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Proceedings Paper

Optical switching through photoisomerization: basics of the mechanism in rhodopsin and stilbene
Author(s): Valentin D. Vachev; Kathleen Nojima; John H. Frederick
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Paper Abstract

Vertebrate vision is based on the unique conversion of light into nerve impulses. Detailed understanding of the primary photochemical events is important with respect to potential applications in molecular optoelectronic devices. In our studies we apply modern theory, computer simulations, and experimental knowledge to develop new understanding of the photochemical processes and ultimately devise means to control their outcome. We use a combination of quantum theory and quasiclassical calculations to model excitation with laser pulses, excited state dynamics, internal conversion, and relaxation to photoproducts. In rhodopsin, the primary photochemical event involves an 11-cis to 11- trans photoisomerization. Recent time-resolved measurements provide the time-scales for disappearance of the reactant and the appearance of products. We find microscopical details of the internal conversion which are in accordance with the experimental results. This new perspective to the microscopic mechanism reveals the optimization of the electronic structure achieved in evolutionary development in nature. Cis-Stilbene is studied as a model system for which a double resonance laser excitation can be used for influencing the reaction. UV excitation leads to two photoproducts, trans-stilbene and dihydrophenanthrene (DHP). We show that IR excitation can be used to prepare ground sate cis-stilbene in an appropriate vibrational state before electronic excitation. We find that excitation of some modes leads to up to 4.5 times increase in the quantum yield of DHP or up to 4 times increase in trans-stilbene. Because of the shifted absorption spectra of the products, if such system is realized experimentally it can be used as switching bistable device.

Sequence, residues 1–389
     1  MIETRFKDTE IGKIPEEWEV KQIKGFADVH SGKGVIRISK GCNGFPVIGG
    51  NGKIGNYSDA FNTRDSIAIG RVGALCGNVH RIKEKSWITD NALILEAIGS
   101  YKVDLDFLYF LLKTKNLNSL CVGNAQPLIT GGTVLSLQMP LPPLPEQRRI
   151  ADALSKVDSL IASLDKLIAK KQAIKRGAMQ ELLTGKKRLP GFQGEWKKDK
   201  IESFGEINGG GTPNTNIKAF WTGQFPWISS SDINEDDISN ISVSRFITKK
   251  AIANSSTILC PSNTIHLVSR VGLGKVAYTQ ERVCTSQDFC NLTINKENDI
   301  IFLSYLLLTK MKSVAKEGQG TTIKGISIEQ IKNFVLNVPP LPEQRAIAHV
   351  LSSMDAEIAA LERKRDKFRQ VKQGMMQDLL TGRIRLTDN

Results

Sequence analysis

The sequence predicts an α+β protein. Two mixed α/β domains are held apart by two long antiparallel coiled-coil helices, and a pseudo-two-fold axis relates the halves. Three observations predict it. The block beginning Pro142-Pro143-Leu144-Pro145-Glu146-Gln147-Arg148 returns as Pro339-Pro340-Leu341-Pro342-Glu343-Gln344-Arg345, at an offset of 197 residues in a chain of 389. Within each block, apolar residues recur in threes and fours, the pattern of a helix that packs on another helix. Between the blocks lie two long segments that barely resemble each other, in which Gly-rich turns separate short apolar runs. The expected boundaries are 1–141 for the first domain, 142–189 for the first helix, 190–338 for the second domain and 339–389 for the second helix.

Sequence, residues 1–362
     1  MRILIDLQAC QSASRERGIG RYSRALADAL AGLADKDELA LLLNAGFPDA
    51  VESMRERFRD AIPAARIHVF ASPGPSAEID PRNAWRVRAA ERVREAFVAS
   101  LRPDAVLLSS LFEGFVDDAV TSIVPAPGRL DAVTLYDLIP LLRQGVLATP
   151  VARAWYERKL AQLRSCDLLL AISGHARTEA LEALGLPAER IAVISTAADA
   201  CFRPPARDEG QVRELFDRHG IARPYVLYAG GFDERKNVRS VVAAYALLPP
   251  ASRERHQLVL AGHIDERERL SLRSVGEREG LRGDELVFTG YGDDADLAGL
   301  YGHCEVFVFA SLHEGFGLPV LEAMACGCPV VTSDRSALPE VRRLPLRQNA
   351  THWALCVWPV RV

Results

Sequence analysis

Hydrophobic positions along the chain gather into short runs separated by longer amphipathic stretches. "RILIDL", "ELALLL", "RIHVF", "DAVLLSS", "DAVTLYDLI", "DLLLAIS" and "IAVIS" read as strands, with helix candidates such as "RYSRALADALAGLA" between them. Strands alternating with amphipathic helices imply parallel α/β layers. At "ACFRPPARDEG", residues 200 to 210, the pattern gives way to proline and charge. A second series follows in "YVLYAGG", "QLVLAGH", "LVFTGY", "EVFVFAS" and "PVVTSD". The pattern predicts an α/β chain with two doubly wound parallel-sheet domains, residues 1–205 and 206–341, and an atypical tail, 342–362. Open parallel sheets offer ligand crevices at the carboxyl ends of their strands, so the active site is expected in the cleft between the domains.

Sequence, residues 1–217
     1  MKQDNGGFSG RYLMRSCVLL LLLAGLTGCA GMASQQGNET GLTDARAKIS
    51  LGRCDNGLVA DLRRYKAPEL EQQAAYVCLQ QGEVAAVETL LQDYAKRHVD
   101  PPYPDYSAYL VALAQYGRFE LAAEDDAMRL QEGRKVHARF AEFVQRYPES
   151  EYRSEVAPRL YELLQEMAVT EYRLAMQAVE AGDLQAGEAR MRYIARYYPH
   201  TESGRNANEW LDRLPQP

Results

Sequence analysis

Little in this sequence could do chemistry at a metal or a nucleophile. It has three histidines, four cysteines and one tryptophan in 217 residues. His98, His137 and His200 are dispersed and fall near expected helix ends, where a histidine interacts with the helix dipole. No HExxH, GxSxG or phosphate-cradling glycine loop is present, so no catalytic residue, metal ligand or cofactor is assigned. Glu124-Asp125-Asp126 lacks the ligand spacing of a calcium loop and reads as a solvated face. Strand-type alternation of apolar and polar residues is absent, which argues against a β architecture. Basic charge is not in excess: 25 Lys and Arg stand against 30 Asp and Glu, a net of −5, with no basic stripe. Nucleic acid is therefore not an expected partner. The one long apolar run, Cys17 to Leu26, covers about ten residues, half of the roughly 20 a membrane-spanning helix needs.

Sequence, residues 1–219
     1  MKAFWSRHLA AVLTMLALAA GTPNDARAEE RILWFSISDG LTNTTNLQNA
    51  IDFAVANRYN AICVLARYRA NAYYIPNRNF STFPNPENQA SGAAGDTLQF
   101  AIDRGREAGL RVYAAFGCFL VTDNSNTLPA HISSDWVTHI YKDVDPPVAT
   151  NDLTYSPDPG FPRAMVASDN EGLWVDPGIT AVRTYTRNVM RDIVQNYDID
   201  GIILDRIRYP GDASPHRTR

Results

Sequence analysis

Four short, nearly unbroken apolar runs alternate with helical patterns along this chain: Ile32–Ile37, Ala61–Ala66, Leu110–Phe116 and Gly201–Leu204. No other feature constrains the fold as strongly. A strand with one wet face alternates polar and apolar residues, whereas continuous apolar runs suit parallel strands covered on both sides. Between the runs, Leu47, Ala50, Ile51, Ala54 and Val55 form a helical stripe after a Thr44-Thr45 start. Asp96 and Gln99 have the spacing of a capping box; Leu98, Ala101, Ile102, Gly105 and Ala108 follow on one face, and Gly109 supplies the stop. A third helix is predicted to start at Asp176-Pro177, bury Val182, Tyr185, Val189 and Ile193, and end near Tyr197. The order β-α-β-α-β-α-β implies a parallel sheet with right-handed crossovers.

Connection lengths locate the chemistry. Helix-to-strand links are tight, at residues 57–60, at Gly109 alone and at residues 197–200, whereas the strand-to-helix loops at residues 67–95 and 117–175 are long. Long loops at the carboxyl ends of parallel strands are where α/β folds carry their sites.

Paper Details

Date Published: 23 January 1997
PDF: 12 pages
Proc. SPIE 2998, Photosensitive Optical Materials and Devices, (23 January 1997); doi: 10.1117/12.264190
Show Author Affiliations
Valentin D. Vachev, Univ. of Nevada/Reno (United States)
Kathleen Nojima, Univ. of Nevada/Reno (United States)
John H. Frederick, Univ. of Nevada/Reno (United States)


Published in SPIE Proceedings Vol. 2998:
Photosensitive Optical Materials and Devices
Mark P. Andrews, Editor(s)

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